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Merope? From maternal love. A mother does not know either what is courage or timidity; she only knows what can save her son. Merope has recovered and saved her son; her object is accomplished. She lives in hope, it is true, of seeing him reascend the throne of his ancestors; but before all, she desires to see him live; she attaches more importance to the life of Egisthe, than to his glory she is a mother. Egisthe prefers rather to avenge himself and to reign, than to live: he is a man.

Like his two predecessors, Alfieri, in his Merope, also wished to represent maternal love, and has dedicated his tragedy to his mother. But Alfieri did not know the natural march of the passions, and the ordinary progress of the feelings of the human heart; he was only acquainted with its emotions of rage and violence. Hence, in his tragedies, we perceive more abruptness than force; more precipitation than seductiveness; more movement than emotion.

Alfieri has taken care himself, in his Memoirs, to relate to us how he was induced to write his Merope. "I was seized with great indignation," says he, "in reading the Merope of Maffei, and in thinking that poor Italy was, in the matter of the drama, so poor and blind that they regarded this drama as the best of the Italian tragedies, and as the only good one; and immediately there flashed before my eyes the recollection of another tragedy of the same name, and upon the same subject, much more simple, and more full of passion and excitement than this." Alfieri at this time was at Rome, as happy as he ever could be. He inhabited the Villa Strozzi, near the Baths of Diocletian; during the morning, versifying at his leisure in the silence of those great Roman palaces, which already seemed to be a desert, fast hastening to ruin; during the evening, running on horseback "in those immense and dilapidated solitudes in the environs of Rome, which invite us to reflect, to weep, and to make verses;" and thus gratifying these two passions alternately which divided his heart: poetry and horses. It is there that he wrote his Merope. But neither the happiness which he enjoyed at Rome, nor the subject which he treated, unstrung the chords of his lyre; he had borrowed nothing from the solitudes of the Roman campagna, of their melancholy grandeur and their majestic repose, so well adapted to the expression of the sorrows of the antique Merope; he had acquired only, if we may so speak, their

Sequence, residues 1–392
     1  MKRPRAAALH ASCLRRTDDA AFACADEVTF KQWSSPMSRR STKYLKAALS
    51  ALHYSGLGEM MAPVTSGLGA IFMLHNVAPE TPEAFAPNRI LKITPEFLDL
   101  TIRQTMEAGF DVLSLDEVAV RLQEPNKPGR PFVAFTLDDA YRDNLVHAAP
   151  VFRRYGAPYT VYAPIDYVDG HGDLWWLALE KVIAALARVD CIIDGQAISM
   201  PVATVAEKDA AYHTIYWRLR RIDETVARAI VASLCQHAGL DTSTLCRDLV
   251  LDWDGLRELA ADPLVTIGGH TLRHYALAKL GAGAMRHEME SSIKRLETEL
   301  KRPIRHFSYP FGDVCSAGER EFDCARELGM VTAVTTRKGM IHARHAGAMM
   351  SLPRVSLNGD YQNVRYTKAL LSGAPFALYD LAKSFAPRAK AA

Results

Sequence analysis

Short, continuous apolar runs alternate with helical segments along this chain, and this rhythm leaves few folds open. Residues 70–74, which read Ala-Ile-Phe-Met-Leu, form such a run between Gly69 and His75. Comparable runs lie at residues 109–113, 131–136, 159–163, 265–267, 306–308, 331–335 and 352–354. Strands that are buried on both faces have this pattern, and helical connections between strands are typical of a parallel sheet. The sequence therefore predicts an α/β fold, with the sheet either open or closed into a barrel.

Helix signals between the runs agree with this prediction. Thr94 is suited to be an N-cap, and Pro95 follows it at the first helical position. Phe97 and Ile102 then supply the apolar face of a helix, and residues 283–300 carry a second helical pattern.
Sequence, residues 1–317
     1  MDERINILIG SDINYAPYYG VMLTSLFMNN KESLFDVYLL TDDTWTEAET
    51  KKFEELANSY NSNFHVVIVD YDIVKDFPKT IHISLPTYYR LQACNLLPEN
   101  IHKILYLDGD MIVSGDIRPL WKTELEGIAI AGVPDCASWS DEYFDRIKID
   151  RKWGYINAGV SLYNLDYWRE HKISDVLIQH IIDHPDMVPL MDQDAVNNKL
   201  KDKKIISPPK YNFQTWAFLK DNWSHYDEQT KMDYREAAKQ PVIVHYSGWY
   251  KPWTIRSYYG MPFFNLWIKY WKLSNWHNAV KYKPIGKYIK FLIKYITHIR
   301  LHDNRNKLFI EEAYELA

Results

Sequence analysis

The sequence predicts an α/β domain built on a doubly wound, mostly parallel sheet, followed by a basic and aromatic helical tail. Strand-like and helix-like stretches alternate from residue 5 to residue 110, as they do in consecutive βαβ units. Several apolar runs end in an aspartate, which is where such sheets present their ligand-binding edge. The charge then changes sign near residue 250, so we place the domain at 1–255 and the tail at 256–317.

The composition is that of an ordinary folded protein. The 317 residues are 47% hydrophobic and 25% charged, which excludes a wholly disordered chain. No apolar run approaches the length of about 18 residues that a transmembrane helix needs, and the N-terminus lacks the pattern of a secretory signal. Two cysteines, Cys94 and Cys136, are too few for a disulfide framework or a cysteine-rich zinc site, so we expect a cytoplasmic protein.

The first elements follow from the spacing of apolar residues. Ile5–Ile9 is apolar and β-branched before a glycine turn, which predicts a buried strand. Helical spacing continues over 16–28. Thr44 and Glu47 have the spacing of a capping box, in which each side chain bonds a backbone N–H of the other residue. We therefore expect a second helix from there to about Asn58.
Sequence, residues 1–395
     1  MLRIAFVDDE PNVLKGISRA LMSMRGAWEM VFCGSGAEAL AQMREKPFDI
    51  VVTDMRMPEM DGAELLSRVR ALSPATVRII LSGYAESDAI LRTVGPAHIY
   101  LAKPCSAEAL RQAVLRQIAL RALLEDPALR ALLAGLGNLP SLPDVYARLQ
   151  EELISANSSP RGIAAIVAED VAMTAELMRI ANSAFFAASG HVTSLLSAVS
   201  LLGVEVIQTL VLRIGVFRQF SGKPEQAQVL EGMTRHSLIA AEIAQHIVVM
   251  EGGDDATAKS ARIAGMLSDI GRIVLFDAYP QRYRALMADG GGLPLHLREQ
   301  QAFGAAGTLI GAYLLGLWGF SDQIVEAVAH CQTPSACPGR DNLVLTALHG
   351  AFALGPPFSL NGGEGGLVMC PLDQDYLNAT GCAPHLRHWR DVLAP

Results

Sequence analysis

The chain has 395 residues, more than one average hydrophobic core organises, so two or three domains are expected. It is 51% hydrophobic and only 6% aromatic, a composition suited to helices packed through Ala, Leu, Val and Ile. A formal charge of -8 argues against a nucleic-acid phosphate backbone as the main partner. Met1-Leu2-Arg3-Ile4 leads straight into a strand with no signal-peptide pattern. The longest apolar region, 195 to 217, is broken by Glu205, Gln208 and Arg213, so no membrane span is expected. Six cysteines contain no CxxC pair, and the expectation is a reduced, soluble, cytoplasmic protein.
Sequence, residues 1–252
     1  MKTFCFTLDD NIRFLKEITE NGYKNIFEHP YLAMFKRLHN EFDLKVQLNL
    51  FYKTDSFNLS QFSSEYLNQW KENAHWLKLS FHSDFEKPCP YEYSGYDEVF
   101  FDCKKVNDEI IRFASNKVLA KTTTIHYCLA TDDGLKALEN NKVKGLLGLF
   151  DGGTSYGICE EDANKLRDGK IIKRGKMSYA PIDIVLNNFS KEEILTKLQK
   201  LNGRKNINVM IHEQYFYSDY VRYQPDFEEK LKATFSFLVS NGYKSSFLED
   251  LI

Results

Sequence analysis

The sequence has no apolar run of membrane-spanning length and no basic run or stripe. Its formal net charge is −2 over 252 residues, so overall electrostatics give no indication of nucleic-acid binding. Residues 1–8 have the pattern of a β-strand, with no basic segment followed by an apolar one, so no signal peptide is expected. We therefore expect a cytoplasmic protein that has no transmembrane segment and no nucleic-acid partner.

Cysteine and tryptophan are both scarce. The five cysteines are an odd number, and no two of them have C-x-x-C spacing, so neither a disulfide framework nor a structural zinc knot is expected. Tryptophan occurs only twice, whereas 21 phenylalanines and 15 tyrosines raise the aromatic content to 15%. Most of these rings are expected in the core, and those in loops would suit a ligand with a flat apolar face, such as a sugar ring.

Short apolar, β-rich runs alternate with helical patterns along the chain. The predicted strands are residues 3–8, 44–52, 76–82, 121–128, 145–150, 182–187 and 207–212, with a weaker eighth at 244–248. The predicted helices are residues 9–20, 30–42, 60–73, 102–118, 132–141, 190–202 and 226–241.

aridity and barrenness. His tragedy is stiff, rather than simple; his Merope has more anger than grief, more violence than tenderness; she abuses Polyphon too much, and particularly in her reproaches, she seems to be more a citizen than a mother; for she seems to detect in Polyphon the oppressor of Messenum no less than the author of the misfortunes of her son.*

We have but one more reflection to make upon the character of Merope, such as it is represented by Torelli, Maffei, Voltaire, and Alfieri. In these four authors, Merope inspires us at the same time with pity and respect. She is a mother; she defends her son; she is a queen, she is virtuous, she is oppressed. She excites all kinds of interest; that which is attached to grandeur, to misfortune, to virtue, and to maternal tenderness. We can love or pity her at our pleasure; nothing is harsh in the sentiments with which she inspires us, nothing detracts from our esteem, nothing subdues our pity. The interest which she inspires is unique and perfect; it is neither divided nor disturbed. Do the virtues of Merope take away from the expression of maternal love any thing of its force and its energy? Is she less ardent and less passionate as a mother because, as a woman, she is pure and virtuous? Will she excite more pity if, in connection with this love for her son, which is a virtue, there should be nourished in her soul ungovernable vices? Will this mixture, and we may even say this antipathy of sentiments produce more effect than the moral unity which Torelli, Maffei, Voltaire, and Alfieri have given to the character of Merope? These are the questions which Victor Hugo has suggested by his drama of Lucrece Borgia.

Duro, abborrito,
Ben sai, tuo giogo è qui: gioia non altra
Provo che questa al dolor mio.



WE can never forget the first representation of Lucrece Borgia. We followed with an ardent curiosity the development of this powerful drama. We did not weep, we were not moved; we were astonished and overwhelmed by it. These violent feelings, these multiplied theatrical tricks, these dramatic turns, kept us in continual suspense. We were not affected, but we felt ourselves oppressed by a heavy and imperious yoke which we could not shake off.

In speaking thus, we express, we know, the physical emotion which we experienced, rather than the moral emotion which we usually expect to find at the Theatre. But this drama has this peculiarity, that the moral and physical emotions are continually confounded. The ideas and sentiments seem to be no more the emotions of the mind or the soul, so impetuous and violent are they; they are the movements of instinct; and the passions of the human heart seem to be divested of their morality, as if of a last weakness, in order to find in a kind of deliberate brutality a new source of power and grandeur. Hence, as we are persuaded that dramatic literature has no other resources except the emotions of the human soul, we ask, in seeing this drama advance with temerity to this invisible, though certain, boundary, where sensation takes the place of sentiment, where pity becomes a suffering, where, in fine, illusion almost borders on reality; we ask, if this piece be not the last dramatic work possible, and if art has not exhausted its power in this last and terrible delivery.